As you've glanced through long lists of our recent articles, have you ever wondered which ones have grabbed the attention of the most readers? I certainly have, so I did a little digging. Here's a list of 10 of our most-read recent articles. (And no, dagnabbit -- much to my surprise, my "The Poetry of Investing" article inexplicably didn't make the cut.)

Check out some of these articles. You might find some stocks to perhaps buy or sell, and your portfolio may thank you for it later. Better still, it's likely that the articles will teach you a thing or two about investing.

"Don't Invest Another Penny" by Paul Elliott
Paul exposes a great danger in mutual fund investing, by showing how a great investment in Time Warner (NYSE:TWX) would have been significantly deflated by fees.

"4 Ways to Ruin Your Retirement" by Rich Smith
Want to wreck your retirement and end up destitute? Who doesn't? Rich Smith offers some tips on getting there, starting with "Road to Ruin No. 1: Trust Uncle Sam." Road No. 3 is "Buy High, Sell Low," something too many of us do. Rich offers some tragic examples, such as how Lucent (NYSE:LU) destroyed some 96% of shareholder wealth since the turn of the millennium, and how Sun Microsystems lost 86% in the same time. Fortunately, Rich offers some helpful guidance on how to avoid these ugly roads to ruin.

"The Finest Investment Vehicle Ever Designed" by Shannon Zimmerman
Shannon starts off this article by saying, "I have a strong bias toward the investment option of choice for more than 90 million of us, one that no less an authority than Jack Bogle has called the 'finest vehicle for long-term investing ever designed.' Among other things, if you're after smart diversification and access to asset classes that might otherwise elude you, mutual funds should be your very first stop." He then goes on to offer tips on finding the best funds.

"The Optimistic Prediction of Warren Buffett" by Bill Barker
Bill begins with, "In November 1999, Warren Buffett dropped a bombshell on investors when he wrote (with Carol Loomis) in Fortune magazine that the most likely average annual returns for investors in the market for the following 17 years would be 4%." That might sound terrible, but Bill explains why there's a good reason to be hopeful about the next decade -- perhaps we might even hope to earn 9% or more per year, on average. (A clue: He lists some companies' average P/E ratios in 1999 and today -- like Oracle (NASDAQ:ORCL), with a P/E half of what it used to be.)

"The Demented Dividend Guru" by Tim Hanson
Tim tackles [Warren Buffett partner] Charlie Munger's assertion that dividend investing advocate Jeremy Siegel is "demented." This is a tough topic for me, because I have so much respect for both of their brains. Click in to learn about the new index funds Siegel helped design.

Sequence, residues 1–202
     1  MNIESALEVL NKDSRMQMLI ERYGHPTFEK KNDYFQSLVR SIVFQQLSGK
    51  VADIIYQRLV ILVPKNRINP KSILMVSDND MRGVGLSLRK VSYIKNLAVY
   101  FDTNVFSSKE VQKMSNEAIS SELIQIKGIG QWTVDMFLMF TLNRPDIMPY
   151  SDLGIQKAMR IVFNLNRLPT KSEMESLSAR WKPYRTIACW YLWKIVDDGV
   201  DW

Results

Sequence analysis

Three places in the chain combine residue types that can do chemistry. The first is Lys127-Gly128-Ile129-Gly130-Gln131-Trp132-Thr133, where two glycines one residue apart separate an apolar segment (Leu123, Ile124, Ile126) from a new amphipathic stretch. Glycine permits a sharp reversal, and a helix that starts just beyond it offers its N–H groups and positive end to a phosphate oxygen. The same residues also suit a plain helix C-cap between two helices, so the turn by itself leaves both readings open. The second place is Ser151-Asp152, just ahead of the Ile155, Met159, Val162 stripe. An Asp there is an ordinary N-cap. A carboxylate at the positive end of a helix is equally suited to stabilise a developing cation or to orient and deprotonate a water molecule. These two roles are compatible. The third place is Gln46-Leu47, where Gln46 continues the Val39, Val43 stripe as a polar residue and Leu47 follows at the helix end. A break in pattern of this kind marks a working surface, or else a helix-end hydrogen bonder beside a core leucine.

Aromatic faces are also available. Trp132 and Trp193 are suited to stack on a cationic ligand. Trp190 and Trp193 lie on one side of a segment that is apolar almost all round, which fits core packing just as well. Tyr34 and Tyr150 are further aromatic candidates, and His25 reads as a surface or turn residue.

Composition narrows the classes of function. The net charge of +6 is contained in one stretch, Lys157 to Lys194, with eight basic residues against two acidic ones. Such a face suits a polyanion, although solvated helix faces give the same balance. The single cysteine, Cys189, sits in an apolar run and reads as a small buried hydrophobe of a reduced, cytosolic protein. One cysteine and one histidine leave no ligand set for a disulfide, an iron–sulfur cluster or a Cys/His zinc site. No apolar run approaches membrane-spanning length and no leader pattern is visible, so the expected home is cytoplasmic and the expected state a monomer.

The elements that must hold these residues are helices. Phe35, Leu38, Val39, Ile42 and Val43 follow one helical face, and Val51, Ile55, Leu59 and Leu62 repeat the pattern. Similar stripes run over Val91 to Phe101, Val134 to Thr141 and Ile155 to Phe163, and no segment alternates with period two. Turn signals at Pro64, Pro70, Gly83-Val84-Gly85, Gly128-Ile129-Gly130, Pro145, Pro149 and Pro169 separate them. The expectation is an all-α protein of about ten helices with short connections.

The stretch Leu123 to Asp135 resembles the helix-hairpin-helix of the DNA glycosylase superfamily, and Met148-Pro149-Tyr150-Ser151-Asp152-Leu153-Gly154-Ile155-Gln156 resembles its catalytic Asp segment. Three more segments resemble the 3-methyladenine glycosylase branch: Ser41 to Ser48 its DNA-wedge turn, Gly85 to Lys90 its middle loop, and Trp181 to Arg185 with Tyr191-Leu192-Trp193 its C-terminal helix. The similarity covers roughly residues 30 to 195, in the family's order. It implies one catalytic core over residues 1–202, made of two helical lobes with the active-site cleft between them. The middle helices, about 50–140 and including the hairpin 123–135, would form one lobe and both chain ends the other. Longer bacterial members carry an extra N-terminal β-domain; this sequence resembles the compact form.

"Buy Before It's Too Late" by Seth Jayson
Sometimes the biggest investment mistakes we make are the stocks we don't buy. Seth confesses to a bunch of missed opportunities: "Successful value investors from Buffett to Olstein have explained that you can't time the bottom and you can't wait for a catalyst. By the time that happens, it's too late. So when something's cheap, you buy it. If it gets cheaper, you buy more."

"The Best Person to Manage Your Money" by Kate Ward
I'd always known that some professional money managers charge a lot for their services, but Kate's two examples in this article blew me away. I pity the people who choose options like that. Consider instead the money manager whom Kate recommends.

"You Don't Need a Million to Make a Million" by Selena Maranjian
In this article, I explain how reachable a million dollars is if you invest patiently and intelligently. For example, "Invest $10,000 per year and earn 10% per year on average, and in about 25 years, you'll have amassed a million dollars." You don't need to find the next Microsoft (NASDAQ:MSFT) to do so, either -- not-so-exciting Procter & Gamble (NYSE:PG), for example, has appreciated at an annual average of about 15% over the past 15 years, as have many other well-known, relatively stable companies.

"308 Incredible Companies" by Tim Hanson
Tim lays out a compelling case for small-cap stocks, explaining: "From June 1996 through June 2006, 308 stocks could have earned you greater than 20% annualized returns over the past 10 years -- turning a $10,000 initial investment into more than $60,000. Of those 308 stocks, 285 of them were small caps 10 years ago."

"Stop! In the Name of Loss" by Jim Mueller
Investors are often advised to set stop-loss orders to automatically sell various holdings, if they fall a certain percentage. Jim Mueller makes a strong case for ignoring that advice. He points out, for example, that if you'd bought Altria (NYSE:MO) in early 2003 and sold after its first 15% drop, you'd have lost 11% of your investment. But if you'd held on through that downswing and the following upswing, you'd be up some 108% today. The corresponding numbers for Humana (NYSE:HUM) are 50% and almost 500%. Wow.

In sum
These are just a few of our most popular articles. If you'd like to review even more articles, bookmark this page.

Here's to a happier portfolio! (And hey -- consider forwarding this article to anyone whose financial future you care about. Just click on the "Email this Page" link near the top of the page.)

Time Warner is a Motley Fool Stock Advisor pick, and Microsoft is a Motley Fool Inside Value recommendation.

Longtime Fool contributor Selena Maranjian owns shares of Microsoft and Time Warner. For more about Selena, view her bio and her profile. You might also be interested in these books she has written or co-written:The Motley Fool Money GuideandThe Motley Fool Investment Guide for Teens. The Motley Fool is Fools writing for Fools.